Every month, the Sainsbury's Book Club team read and recommend their favourite fiction, cookery and children's eBooks, curating a selection of free samples, book trailers, author biographies and reading group discussion points to help you get the most out of your next eBook read.
We'd love you to contribute to the Book Club too, so if you like what you read, recommend it to others by reviewing the books on the list and the best five reviews each month will win a £10 eBook voucher. Sound good? Read on...
Collect 50 bonus Nectar points on our lead Book Club title
There are a handful of thrillers that I recommend passionately to people knowing without a doubt that they’ll enjoy them. On that list is The Poet by Michael Connelly, Peter James’ Dead Simple, Harlen Coben’s Tell No One and SJ Watson’s Before I Go to Sleep. Gone Girl has to be added to the list. It’s utterly gripping from the off, clever and completely unpredictable right up to the very end. You start to realise pretty early on that you can’t trust anyone or anything and nothing is quite what it seems. No surprise then that it’s been made into a film but there’s absolutely no way it can be as good as the book.
I'd read The Rosie Project last year and loved it so was very much looking forward to the sequel. Now married, Don and Rosie have moved from Australia to New York but the course of true love – and life generally – does not run smoothly for our hero. Once Rosie breaks the momentous news that she and Don are going to be parents, Don's ordered life soon spirals out of control. I found myself laughing out loud (and sometimes cringing) as Don's unconventional outlook on life and love coupled with the often dangerous advice of his best friend Gene sends him spinning from one crisis to the next. Hilariously funny and charming, with a brilliantly imagined central character, this follow-up to The Rosie Project does not disappoint.
by Ian Rankin
My last two reviews featured books about books: murderous, destructive books that could alter the course of lives and expose skeletons in the closet. This one is no different. Actually, that’s not right, this one is very different. The flow of the dialogue and the film-like descriptions made me feel I was tuning in to a TV series, and certainly not an early season. This was my first encounter with detective Rebus, shortly after he's rejoined the police (and been demoted), but that didn't stop me enjoying the book or being able to figure out what went on in his past – except for the bits he was reluctant to reveal, of course. I was not the only one nosing around, eager to uncover more: the enigmatic brotherhood he used to be part of turns out to be more than just a group of boisterous lads and a pretentious name… I especially enjoyed the dynamics between Rebus and his boss: their snarky exchanges lightened the tone in some of the grimmer situations. Go on, tune in… I promise you won't be flicking channels.
This intriguing book is the fourth in the bestselling Clifton Chronicles series, following on from Best Kept Secret, and is set in the late fifties and early sixties. Jeffrey Archer is a master storyteller, and the ongoing tale of the feud between the Clifton and Barrington families swept me along. From the dramatic opening when Harry Clifton and his wife Emma rush to hospital to find out the fate of their son in a car accident, to the Barrington Shipping Company's plans to build a luxury liner, the complex story is so full of twists and turns, it takes some effort to keep up with everything that's going on. The cast of characters is excellent: I found myself enjoying the antihero Don Pedro Martinez – a real love to hate character – more than the main protagonist, Harry Clifton but all the characters are well-drawn and interesting. The in-depth plotting kept me glued to the page to see how it all turned out, and I am looking forward to going back and reading the earlier novels in the series.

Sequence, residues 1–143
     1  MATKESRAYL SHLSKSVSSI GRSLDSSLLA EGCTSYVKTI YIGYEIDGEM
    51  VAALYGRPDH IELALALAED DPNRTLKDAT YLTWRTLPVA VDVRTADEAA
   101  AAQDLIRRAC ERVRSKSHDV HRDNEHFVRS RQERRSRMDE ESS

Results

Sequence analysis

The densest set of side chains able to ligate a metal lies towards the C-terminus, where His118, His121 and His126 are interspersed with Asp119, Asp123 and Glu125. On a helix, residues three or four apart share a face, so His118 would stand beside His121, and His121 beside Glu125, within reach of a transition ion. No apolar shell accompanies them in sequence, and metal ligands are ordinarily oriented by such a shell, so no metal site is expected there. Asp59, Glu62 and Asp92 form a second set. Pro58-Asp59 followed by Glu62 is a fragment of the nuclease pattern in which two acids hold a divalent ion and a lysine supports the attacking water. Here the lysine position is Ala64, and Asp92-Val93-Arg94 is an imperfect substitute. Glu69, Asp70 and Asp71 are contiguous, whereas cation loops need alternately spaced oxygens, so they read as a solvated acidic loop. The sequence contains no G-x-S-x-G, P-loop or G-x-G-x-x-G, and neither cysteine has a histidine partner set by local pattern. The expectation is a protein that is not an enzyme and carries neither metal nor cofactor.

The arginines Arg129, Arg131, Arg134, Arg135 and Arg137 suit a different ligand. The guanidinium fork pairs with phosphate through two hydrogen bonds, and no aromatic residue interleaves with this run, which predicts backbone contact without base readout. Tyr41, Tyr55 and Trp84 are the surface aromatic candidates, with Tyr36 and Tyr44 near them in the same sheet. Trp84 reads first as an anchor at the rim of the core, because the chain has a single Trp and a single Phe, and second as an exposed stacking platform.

by Susan Lewis
This was my first Susan Lewis book and I honestly did not know what to expect. She describes the characters so vividly that you even start to believe you know them. The book draws you into the story of Josie and the financial struggles that her family is facing. But then Josie also has to cope with a battle of her own, which she has a hard time talking to her family about. In her loneliness she develops an unlikely friendship with Bel, a successful property developer who is haunted by a tragedy that tore her life apart. The two women couldn’t be more different except for one thing that unites them… This book made me cry and laugh at the same time. A moving story about love, friendship and family bonds.
First off, this book is not for the faint-hearted. The lust and gore is worthy of George RR Martin, with a description of medieval London so vivid you can smell it. And that smell isn't always pleasant! Holsinger transports the reader back in time to a period when political conspiracies toppled kings, and books were written on skin. It’s a world of prophecies and poetry, where your clever machinations turn out to be not so clever after all when you realise you’re the one who’s been manipulated all along, and you can't even trust your own flesh and blood.
by Ruby Tandoh
I was keen to learn true cooking skills applicable to a poorly stocked cupboard and with limited kitchen appliances. This is a weighty, good looking cookbook, with instagrammed pictures throughout, accompanying detailed pastry techniques and tips-a-plenty. Each recipe demonstrates a different texture and process of working the dough: it’s like a crash course dressed up as a cookbook. I made hot water pastry savoury mini pasties (the photo below is evidence of my hard work, instagrammed to a similar standard) and I’d like to try the tea loaf next. This book is great in developing a thorough knowledge of a good range of bread and pastry textures whilst enjoying their creation far beyond just following a recipe.